In most industries, consumers happily pay for high-price products that they highly value. A brand new iPhone makes a lot of people very happy. There is little evidence that the same thing works in gambling. Increasing the price of gambling makes most gamblers worse off, since they lose more money and at a faster rate. The price of gambling is hidden, both because it is only paid over time, and because a number of psychological effects are being used to add extra opacity. How much does this latter point add to the price of gambling?
“Nudge for good.” – Richard Thaler
When signing copies of his book, Richard Thaler tells his followers to “nudge for good”. And of course, most of us do want to do exactly that. Although there are plenty of dark nudgers and nudges out there, most of the ill-intentioned behaviour change out there is likely a result of random trial-and-error and imitation. But what do we even mean by “nudge for good”? Whose version of good do we mean? A key problem that proponents of behaviour change have faced is precisely trying to convince the public, and vocal opponents, that they “know better” than the average Joe. If the nudger (aka “choice architect”) is as systematically biased as the man on the street, then why should we nudge at all?
I believe that a key distinction lies between nudges that are value-free, that improve behaviour, and value-laden nudges, which merely affect it. Behaviour change is being hijacked by those who want to impose their values upon others. In doing so, they not only undermine the movement in many people’s eyes, but they also manage to miss the low-hanging fruit that could be easily reached to make real improvements in our lives.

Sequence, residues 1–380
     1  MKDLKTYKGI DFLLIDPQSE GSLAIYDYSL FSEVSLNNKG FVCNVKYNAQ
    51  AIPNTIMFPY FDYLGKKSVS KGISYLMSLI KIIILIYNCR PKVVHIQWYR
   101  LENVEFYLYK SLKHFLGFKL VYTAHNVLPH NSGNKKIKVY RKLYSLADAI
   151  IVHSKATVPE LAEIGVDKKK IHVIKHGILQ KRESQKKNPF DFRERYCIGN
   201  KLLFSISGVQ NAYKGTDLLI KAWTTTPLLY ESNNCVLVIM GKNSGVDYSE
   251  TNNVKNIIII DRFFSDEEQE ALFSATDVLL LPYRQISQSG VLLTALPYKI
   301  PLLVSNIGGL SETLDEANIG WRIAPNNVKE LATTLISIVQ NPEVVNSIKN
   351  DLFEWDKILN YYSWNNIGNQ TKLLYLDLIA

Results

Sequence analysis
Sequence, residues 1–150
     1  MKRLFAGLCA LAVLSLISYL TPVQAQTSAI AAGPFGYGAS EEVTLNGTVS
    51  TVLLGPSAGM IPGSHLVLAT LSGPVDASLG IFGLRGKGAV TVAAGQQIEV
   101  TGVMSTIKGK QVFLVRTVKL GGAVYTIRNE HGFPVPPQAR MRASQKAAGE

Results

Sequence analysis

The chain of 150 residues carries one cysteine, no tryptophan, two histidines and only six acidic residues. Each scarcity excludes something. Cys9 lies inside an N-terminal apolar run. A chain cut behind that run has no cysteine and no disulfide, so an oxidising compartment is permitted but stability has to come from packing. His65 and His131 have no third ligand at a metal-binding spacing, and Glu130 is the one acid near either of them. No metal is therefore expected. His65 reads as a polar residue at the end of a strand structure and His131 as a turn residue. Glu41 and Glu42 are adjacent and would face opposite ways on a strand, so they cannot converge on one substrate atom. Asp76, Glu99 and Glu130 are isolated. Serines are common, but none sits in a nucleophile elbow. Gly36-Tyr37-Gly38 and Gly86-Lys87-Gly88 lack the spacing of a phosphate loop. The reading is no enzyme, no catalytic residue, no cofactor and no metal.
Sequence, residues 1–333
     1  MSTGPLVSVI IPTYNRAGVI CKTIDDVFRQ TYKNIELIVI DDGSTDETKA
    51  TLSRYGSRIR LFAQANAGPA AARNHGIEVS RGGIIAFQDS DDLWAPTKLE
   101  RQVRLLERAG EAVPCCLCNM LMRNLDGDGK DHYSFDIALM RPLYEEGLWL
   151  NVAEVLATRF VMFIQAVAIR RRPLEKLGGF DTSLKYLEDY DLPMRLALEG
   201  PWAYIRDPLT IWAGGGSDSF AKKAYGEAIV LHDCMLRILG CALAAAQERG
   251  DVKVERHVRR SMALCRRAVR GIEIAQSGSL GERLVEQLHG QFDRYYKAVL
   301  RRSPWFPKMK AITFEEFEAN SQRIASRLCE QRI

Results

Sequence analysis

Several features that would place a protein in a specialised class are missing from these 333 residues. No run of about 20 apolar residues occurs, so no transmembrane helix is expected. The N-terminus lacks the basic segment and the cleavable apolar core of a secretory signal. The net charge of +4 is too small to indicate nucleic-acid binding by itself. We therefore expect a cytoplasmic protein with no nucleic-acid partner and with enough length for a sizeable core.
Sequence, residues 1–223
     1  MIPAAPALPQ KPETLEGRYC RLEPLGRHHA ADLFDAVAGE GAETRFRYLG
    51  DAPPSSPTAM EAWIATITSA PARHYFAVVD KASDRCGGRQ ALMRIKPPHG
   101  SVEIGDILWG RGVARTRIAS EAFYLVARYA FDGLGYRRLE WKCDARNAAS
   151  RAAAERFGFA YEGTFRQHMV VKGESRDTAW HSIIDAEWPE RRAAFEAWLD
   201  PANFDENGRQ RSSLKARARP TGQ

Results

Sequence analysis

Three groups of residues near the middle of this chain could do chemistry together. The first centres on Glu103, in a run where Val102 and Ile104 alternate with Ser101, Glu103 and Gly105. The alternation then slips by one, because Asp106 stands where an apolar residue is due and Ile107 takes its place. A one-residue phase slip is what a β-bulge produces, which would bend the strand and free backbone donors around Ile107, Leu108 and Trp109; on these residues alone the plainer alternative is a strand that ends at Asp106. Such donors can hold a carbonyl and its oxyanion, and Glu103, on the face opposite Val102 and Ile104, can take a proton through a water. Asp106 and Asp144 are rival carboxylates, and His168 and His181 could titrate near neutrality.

David Cameron’s recently announced UK porn filter is a perfect case of a heavily value-laden nudge. This is an example of a default option nudge. Currently, the default option is to have free access to online porn. People who don’t want to receive access to porn have to opt-out. The new system flips this around. The default option will be for no access to porn, with people having to actively opt-in to accessing it with their ISP. Since many people are too lazy to question a default rule, the hope is that this change will help many people who do not want access to porn, but who aren’t willing to actively change from the current default. People who do want to access porn will not be prevented from doing so; they merely have to jump through an extra hoop.